BEIJING (Scrap Monster): A surprising decline in zinc concentrate imports to the lowest level in over four years as per April Chinese trade data released on Tuesday. Key for LME zinc prices is whether this was supply or demand induced.
“It is was a function of lower demand from smelters. Chinese refined zinc production has been contracting in recent months owing mainly to early maintanence in response to soft demand and low treatment charges (TCs), the main source of smetler revenue,” Barclays stated in a commodities snippet.
Chinese smelter margins have been under pressure from low TCs, which have reduced the incentive to process all available concentrate, especially when metal stocks are high and had been rising.
Weaker refined production has had the biggest impact on demand for imported concentrate, which has fallen by 31% y/y this year so far, much more than the 3.7% y/y fall in smelter production. Meanwhile, domestic mine output has continued to grow very strongly indeed, rising by 20% y/y.
Barclays continued that, “Chinese concentrate production has been stronger than we expected thus far this year, suggesting there is a risk that concentrate supply surprises to the upside.”
So what does this mean for metal prices?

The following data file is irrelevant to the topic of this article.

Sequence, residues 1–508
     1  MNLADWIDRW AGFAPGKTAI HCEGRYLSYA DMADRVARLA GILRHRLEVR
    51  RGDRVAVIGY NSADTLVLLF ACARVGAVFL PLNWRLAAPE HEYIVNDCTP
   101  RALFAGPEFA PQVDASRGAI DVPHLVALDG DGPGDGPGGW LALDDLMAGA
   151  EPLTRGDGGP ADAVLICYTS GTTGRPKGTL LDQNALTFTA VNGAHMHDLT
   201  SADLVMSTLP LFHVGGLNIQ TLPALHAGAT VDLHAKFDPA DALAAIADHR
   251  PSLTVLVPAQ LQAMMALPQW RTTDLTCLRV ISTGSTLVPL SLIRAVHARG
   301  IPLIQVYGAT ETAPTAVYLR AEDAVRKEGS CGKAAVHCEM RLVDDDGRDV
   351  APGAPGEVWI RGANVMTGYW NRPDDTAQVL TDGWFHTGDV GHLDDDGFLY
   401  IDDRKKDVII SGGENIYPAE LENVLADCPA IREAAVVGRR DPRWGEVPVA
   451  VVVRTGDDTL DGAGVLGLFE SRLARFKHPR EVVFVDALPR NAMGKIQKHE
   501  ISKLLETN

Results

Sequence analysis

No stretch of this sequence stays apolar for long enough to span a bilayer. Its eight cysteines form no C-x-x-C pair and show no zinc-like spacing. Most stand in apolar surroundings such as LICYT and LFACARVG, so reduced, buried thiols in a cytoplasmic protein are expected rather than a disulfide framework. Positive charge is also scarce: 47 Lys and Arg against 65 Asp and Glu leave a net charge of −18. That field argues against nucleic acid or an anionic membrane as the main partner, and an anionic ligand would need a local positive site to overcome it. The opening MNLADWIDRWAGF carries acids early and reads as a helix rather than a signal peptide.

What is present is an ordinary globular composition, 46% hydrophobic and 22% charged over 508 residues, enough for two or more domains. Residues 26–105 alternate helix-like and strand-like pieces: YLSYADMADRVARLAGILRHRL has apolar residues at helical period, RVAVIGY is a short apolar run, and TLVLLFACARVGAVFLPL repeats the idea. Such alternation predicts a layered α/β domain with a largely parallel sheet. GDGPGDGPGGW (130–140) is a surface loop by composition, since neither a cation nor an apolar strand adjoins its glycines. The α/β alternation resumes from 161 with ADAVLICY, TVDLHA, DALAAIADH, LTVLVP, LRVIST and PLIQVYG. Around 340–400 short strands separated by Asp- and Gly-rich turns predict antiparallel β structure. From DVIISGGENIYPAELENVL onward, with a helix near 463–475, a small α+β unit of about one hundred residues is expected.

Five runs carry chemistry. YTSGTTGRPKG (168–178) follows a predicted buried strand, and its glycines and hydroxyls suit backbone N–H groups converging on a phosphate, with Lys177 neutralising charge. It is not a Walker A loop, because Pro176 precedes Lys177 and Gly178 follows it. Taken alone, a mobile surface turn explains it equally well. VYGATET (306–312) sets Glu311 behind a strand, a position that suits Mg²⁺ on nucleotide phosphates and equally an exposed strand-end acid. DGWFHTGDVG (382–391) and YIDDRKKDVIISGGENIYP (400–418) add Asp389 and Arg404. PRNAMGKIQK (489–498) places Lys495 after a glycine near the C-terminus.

The ultimate driver of the metal market balance is raw material availability. In a market like copper, mine supply has not kept up with metal demand resulting in many years of metal market deficits and high prices.
By contrast, in the zinc market there is currently more mine supply than metal demand. Whether all that concentrate gets turned into metal and therefore how big the metal market surplus will be is determined in part by smelter profitability. If miners are willing to hold concentrate stocks then it will limit the size of the metal market surplus.
Otherwise, the self-correcting mechanism will be for treatment charges to rise and smelters to increase production again.
“For the moment, at least, the reduction in Chinese refined output has tightened the domestic market a little and SHFE stocks have started to fall, but until global mine production falls consistently short of metal demand (due perhaps to lower prices or a structural weakening in mine production growth) the zinc market will remain well supplied,” Barclays concluded.
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